Monday, November 22, 2010

Tattersall's Club

Here is a photograph of the centre of Brisbane, taken in 1958. How many of the old buildings and neon signs do you remember? When I finished high school a few years later than that, I started work in the city and it didn't look too much different. In this picture of Queen St, looking towards Albert St from Edward St, the Tattersall's Club building can be seen on the left edge. Note the open windows - must have been prior to the installation of air-conditioning.
(Photo: Courtesy BCC; #BCC-S35-9311236)

Here is a photo from a similar perspective, taken recently. Of course we now have the Queen St Mall, so the tram wiring and the traffic have been replaced with pedestrians and trees. Tattersall's Club remains, also at the left edge of this image. But every building further up Queen St has been rebuilt, save for the Regent Theatre, and that is also in mortal danger except for its entrance foyer.
(Photo: © 2010 the foto fanatic)
Before we go any further, in the interests of disclosure: I am a member of Tattersall's Club. To some people, that fact apparently immediately makes me a chauvinist or even a misogynist. You see, Tattersall's does not have female members, although the club has voted on the issue in recent times. I support allowing women to join, and I suspect that at some future time it may yet happen; but in the meantime I am not about to throw the baby out with the bathwater and resign my membership. And that's all I'm going to say on the matter in this post.

Tattersall's Club was formed in Brisbane in 1883, and meetings were at first held in the Australian Hotel, on the corner of Queen St and Albert St.
(Photo: State Library of Queensland and John Oxley Library; #78041)

In July 1926, the club opened its own rooms in a building designed by Hall and Prentice, architects of Brisbane's City Hall.
This is the Edward St entrance of Tattersall's; the date of the photo is not known.
(Photo: DEWHA; # rt52011)

Despite the corner having been redeveloped, the Edward St exterior is unchanged.
(Photo: © 2010 the foto fanatic)

The club initially revolved mainly around horse racing interests, and the photograph below shows the first "settling day" in the new club premises on 2 August 1926.(Photo: State Library of Queensland and John Oxley Library; #59248) 1926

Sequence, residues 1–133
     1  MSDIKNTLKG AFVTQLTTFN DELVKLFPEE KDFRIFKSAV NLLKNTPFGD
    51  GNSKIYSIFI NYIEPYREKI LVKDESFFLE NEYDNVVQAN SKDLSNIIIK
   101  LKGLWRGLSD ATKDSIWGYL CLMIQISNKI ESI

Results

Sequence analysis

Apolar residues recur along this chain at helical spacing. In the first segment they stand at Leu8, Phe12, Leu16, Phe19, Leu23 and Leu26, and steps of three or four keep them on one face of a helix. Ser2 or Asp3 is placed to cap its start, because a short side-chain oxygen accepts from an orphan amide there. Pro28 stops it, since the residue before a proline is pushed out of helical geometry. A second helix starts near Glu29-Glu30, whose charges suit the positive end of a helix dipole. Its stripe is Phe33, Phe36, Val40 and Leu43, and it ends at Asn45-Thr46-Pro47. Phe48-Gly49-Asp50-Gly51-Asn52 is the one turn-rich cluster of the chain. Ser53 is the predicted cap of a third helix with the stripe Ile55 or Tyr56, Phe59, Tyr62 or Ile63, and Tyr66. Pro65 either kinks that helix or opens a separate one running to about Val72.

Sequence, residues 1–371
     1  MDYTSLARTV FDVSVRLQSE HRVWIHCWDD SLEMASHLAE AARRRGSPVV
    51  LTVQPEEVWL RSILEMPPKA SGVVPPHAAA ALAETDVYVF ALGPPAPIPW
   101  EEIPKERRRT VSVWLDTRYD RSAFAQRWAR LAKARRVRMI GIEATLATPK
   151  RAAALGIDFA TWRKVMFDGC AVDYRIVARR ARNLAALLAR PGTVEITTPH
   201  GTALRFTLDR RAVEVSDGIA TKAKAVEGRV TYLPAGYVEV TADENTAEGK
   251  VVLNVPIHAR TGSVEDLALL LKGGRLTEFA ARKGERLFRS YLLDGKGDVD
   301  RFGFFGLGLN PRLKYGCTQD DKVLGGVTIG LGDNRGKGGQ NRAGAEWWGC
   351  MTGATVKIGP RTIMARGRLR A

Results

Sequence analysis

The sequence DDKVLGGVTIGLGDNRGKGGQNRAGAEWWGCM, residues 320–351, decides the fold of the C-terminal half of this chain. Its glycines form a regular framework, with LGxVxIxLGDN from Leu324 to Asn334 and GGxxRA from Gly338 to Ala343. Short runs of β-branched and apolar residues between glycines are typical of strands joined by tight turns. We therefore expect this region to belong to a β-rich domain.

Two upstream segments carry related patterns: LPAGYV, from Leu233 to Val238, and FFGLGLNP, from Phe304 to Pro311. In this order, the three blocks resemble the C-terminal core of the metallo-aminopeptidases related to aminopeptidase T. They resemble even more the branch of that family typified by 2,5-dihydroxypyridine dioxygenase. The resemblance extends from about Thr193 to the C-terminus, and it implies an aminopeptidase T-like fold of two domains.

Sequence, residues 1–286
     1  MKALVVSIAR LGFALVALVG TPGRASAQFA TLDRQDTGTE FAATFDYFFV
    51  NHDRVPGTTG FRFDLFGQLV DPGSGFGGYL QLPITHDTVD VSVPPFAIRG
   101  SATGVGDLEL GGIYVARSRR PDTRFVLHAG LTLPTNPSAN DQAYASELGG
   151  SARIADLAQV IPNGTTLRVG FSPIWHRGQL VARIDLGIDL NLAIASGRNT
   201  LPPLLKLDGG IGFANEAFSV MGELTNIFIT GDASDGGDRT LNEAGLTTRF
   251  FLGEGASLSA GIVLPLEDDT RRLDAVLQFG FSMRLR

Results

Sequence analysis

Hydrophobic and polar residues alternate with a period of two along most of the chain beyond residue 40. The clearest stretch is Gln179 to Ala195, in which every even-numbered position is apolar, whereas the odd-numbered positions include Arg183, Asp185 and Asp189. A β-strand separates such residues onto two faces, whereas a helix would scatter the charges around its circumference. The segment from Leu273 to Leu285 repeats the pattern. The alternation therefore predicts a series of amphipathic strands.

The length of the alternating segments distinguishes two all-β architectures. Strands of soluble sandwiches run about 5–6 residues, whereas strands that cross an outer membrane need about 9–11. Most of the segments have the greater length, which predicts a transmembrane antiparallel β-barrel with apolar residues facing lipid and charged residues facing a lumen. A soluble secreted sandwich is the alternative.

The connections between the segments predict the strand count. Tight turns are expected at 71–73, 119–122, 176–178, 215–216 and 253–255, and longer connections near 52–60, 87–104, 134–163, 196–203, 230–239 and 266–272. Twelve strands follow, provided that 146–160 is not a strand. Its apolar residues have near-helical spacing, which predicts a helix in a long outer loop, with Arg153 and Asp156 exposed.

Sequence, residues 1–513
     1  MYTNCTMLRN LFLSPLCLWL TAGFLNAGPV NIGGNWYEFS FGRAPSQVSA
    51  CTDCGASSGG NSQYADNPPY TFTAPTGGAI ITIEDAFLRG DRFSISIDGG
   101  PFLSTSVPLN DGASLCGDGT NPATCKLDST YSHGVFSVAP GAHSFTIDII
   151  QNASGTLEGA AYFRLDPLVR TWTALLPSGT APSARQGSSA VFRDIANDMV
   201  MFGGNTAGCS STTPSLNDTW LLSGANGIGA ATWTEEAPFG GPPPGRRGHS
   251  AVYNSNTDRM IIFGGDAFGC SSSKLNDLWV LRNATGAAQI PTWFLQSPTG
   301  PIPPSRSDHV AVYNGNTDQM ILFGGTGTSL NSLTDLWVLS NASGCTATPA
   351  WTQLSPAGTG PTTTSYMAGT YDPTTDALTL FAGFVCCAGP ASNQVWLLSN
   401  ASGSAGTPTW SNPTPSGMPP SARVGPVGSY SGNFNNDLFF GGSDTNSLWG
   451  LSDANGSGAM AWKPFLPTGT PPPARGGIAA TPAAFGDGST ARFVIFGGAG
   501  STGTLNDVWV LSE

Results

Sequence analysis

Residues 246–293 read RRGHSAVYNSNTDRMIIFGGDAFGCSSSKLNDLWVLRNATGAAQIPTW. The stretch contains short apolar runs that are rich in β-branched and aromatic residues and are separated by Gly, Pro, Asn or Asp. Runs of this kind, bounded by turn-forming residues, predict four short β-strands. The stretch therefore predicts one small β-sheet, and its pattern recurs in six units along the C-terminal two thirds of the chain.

Settling day is when punters and bookmakers get together to settle bets from race day. These days members and their guests (both male and female) are more likely to be browsing the paintings on display for the annual Tattersall's Club Art Prize, as illustrated below by the photograph on the cover of the club's magazine.
(Photo: Courtesy Tattersall's Club; The Tattler - Summer 2010)

A feature of the club's design was the series of "horse" sculptures by Daphne Mayo that lined the original Queen St entrance. When the club was refurbished in 1990, the sculptures were moved to line the
the arcade leading into the club's entrance foyer from Queen St.
(Photo: © 2010 the foto fanatic)
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  1. To find a date of that photograph you just have to find out what building is being built next to it, and see when it was built.

  2. Good point!

    Tattersall's redeveloped the Queen St/Edward St corner in 1990 - that seems to fit pretty well with the cars in the photograph.

  3. Hi there. This may be of interest. Trove images show that Tattersalls club original met at their original premises on Adelaide Street from 1872. This building was then occupied by Globe Hotel in 1934, which I assumed had been refurbished in Art Deco style as in the photograph of Globe Hotel 1934.

  4. Yes, there are some conflicting dates and I cannot clarify which is correct.

    Some records show an inaugural meeting in 1883 and Tattersalls celebrated its centenary in 1983. But there is a newspaper record that shows an earlier date.

    We may never know for sure!


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